And that’s okay because every war is a culmination of its tiny skirmishes. As long as Inga’s actions are entertaining and worthy of our support, it will have been worth it. The word “entertaining” isn’t quite appropriate, however, considering a death is involved alongside plenty of other abuse inflicted as a result of mistruths and malicious intent spread by those in power. Rather than make light of these dramatic moments, Hákonarson is simply unafraid to show how they galvanize Inga’s spirit and quest for retribution in authentically comical ways. As the others are pushed into a corner, she stands tall. Eventually her determination and strength will spread to remind the others that they pay Eyjólfur’s salary. It’s on them to ensure he’s working with their interests in mind.

Egilsdóttir is fantastic in the lead role thanks to a relatable mixture of futility working a tireless job and ferocity when it comes to her refusal to kowtow to an establishment she knows is operating like secret government police. The frustration born from being on the right side of a battle nobody is willing to admit needs to be fought should be resonant for anyone in a non-executive position. At one point Leifur arrives unannounced to her farm to chastise her for buying fertilizer from Reykjavík only to leave fumbling his words after she asks whether he actually wants her to pay off her debt or not? There’s no better trap to expose someone’s true motivations than to present a solution to the “problem” that hurts his bottom-line.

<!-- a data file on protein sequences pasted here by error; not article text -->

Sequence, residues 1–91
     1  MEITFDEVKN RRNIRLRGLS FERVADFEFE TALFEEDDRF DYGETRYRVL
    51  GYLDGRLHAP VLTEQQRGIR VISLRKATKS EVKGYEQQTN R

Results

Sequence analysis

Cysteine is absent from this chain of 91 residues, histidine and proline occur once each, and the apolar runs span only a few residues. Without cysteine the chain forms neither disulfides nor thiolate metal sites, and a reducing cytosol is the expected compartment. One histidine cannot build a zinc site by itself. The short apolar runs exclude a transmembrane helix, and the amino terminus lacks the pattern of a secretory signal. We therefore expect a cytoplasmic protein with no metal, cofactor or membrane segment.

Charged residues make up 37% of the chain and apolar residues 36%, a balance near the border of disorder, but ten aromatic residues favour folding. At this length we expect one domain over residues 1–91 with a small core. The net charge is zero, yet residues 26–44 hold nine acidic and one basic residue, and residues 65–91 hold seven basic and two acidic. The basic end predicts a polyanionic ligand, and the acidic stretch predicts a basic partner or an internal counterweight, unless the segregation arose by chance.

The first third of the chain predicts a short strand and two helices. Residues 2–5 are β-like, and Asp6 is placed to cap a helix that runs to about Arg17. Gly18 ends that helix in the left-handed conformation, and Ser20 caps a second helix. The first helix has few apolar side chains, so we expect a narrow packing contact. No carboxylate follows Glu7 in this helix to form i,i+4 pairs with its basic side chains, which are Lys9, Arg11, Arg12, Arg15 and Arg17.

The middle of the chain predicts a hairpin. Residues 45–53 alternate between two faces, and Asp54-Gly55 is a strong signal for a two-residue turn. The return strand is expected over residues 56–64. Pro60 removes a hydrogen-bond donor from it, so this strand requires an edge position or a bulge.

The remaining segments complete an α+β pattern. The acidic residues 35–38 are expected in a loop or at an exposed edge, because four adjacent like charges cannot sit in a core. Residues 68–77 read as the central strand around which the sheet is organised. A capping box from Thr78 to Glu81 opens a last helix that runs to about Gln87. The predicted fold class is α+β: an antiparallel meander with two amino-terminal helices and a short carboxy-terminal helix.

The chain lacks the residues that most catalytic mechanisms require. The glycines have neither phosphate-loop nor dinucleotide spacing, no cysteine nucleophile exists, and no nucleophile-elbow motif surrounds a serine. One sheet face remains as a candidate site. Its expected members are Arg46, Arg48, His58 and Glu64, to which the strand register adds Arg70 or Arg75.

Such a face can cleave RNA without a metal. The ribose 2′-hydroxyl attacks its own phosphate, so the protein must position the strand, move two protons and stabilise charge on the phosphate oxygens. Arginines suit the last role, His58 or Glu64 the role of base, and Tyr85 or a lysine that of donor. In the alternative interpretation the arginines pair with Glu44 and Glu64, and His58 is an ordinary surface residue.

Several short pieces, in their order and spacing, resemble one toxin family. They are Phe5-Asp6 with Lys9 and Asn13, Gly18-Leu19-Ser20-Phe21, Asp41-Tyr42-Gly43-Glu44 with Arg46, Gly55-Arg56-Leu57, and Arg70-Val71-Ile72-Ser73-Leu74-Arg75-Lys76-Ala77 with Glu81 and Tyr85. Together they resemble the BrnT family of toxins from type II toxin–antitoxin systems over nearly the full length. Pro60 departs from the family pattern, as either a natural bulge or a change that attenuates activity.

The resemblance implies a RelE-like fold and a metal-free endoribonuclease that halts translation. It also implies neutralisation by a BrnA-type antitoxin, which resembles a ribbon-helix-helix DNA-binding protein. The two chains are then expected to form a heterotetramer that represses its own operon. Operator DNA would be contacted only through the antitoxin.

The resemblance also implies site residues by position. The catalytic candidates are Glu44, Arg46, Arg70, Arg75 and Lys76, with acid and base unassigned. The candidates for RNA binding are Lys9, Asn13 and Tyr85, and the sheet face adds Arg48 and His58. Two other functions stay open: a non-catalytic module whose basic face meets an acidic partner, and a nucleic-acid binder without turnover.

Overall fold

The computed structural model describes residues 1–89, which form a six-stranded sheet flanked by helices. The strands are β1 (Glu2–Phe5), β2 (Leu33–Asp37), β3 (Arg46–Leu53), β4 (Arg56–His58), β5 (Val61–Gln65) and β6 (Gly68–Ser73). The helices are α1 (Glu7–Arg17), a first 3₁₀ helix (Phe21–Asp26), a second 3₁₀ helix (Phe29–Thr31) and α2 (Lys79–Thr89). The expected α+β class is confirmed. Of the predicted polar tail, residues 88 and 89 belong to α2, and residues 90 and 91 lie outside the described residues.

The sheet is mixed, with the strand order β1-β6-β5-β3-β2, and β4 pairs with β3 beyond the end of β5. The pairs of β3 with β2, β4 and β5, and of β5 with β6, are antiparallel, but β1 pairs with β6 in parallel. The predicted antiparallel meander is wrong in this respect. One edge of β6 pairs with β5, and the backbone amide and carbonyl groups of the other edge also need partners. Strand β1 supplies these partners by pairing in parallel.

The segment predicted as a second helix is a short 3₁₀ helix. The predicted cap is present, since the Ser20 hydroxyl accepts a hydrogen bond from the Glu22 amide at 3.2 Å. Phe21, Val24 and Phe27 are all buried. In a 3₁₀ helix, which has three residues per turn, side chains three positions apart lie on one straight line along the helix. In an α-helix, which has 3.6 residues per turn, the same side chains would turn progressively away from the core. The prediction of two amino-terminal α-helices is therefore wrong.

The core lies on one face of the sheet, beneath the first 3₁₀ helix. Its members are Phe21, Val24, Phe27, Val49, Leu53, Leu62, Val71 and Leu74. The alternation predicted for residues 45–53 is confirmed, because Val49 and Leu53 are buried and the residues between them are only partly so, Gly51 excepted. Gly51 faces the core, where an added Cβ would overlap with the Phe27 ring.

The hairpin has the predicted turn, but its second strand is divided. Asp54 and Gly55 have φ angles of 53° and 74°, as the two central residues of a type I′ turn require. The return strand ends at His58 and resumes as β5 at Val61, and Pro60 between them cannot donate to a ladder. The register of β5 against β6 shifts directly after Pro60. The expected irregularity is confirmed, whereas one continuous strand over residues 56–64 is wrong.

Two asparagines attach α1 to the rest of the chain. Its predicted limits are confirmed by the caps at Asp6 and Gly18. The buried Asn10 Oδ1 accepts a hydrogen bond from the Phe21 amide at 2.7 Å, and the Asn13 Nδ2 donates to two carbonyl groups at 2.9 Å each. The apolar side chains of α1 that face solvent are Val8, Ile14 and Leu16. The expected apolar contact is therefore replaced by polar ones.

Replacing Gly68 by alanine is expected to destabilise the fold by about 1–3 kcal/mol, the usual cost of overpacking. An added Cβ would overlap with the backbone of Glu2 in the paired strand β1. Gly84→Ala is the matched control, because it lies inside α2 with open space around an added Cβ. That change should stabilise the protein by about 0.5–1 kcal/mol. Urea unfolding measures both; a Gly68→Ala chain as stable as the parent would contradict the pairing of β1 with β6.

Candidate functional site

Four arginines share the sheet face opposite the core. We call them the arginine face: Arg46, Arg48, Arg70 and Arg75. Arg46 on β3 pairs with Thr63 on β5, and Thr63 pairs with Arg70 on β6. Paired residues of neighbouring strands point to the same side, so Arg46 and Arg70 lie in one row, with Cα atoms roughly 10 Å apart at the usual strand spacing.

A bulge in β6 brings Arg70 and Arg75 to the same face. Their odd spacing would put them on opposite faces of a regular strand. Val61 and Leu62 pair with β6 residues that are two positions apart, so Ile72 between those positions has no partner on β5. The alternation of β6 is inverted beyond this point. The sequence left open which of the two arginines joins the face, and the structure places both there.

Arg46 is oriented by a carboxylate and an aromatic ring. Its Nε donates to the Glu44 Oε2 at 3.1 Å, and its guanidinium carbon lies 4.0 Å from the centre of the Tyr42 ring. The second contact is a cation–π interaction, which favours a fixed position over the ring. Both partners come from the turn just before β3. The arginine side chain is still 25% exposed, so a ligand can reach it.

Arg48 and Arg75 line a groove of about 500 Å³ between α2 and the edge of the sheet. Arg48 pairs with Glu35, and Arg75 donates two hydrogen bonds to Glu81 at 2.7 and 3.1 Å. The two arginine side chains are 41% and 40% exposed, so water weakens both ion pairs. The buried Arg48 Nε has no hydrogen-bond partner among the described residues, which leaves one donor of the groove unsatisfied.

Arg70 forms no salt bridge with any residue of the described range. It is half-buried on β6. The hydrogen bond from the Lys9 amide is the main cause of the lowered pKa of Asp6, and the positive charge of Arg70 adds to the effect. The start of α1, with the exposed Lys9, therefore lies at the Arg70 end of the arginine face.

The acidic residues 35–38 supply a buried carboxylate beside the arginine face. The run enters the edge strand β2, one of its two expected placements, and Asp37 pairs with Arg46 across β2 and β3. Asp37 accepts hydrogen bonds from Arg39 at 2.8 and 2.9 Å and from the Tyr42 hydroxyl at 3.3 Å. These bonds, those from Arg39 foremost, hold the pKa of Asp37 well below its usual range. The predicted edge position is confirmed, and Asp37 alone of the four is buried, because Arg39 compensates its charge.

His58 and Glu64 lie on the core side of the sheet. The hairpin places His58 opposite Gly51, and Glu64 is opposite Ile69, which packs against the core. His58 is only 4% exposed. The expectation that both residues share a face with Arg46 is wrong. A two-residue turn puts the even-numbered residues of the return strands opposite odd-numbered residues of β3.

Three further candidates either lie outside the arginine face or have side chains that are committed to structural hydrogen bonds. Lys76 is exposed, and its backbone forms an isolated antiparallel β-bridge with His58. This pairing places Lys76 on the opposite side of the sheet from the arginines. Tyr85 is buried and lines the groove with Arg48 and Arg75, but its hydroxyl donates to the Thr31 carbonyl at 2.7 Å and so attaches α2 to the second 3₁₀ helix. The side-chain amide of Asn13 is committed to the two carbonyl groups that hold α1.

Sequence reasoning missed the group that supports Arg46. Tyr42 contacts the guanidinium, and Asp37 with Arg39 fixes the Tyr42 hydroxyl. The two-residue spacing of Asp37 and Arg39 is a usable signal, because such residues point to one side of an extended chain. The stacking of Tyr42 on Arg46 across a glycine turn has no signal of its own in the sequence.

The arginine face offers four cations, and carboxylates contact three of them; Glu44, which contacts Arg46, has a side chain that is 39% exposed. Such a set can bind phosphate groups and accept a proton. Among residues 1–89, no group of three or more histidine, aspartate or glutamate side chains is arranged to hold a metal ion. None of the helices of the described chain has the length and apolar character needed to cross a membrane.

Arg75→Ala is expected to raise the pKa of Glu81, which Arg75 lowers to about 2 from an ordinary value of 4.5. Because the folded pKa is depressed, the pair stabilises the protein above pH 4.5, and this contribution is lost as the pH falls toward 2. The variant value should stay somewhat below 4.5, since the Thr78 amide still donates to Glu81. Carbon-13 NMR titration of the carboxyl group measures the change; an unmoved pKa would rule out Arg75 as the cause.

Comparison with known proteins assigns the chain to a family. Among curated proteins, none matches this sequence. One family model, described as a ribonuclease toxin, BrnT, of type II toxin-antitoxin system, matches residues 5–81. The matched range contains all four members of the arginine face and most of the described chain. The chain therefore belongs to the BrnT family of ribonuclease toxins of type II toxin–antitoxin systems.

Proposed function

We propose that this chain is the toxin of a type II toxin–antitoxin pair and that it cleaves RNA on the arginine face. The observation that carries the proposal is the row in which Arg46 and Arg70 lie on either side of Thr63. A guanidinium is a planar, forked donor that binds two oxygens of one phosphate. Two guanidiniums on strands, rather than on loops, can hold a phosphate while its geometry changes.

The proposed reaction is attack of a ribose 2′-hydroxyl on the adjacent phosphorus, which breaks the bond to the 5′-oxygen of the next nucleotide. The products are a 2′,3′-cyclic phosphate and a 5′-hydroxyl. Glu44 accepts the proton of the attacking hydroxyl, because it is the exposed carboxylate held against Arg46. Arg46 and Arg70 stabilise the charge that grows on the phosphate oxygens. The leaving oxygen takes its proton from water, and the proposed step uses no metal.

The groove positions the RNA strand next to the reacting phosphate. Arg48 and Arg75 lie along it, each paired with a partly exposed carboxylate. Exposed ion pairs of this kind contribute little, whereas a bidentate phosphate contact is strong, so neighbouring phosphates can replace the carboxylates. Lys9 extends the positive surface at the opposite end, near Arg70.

It’s thus easy to make a correlation from this very specific scenario to any other example of occupational-based oppression. What will it take to open your eyes and acknowledge that you’re being exploited despite having larger numbers and the means with which to throw your weight around? If you’re like Inga’s neighbors who aren’t in debt and scraping by with enough money to live a moderately comfortable life, you’re going to guard that contentment by refusing to rock the boat. By the time it’s your turn to really be hurt by the system, however, it might be too late to do something because those willing to throw that wrench are gone. These people are being bled dry just slow enough to make them think they’re safe.

The County shows that it only takes one person to beat the drum for change to occur. But it also posits just how sinister the opposition can be when its livelihood of means is threatened in the process. I think Hákonarson could have gone further with this aspect of the film because there’s some real suspense built as far as who should be blamed for the tragedy that sparks Inga’s crusade. While he errs on the side of guilt via psychological and emotional means, I really thought the path was being laid for something more concrete. And maybe that was intentional. Perhaps our assuming that truth without spelling it out is part of the bleakly fatalistic message he provides. Not every Goliath can be felled by one rock.

The County screened at the Toronto International Film Festival.

See our complete TIFF 2019 coverage.

Grade: B

No more articles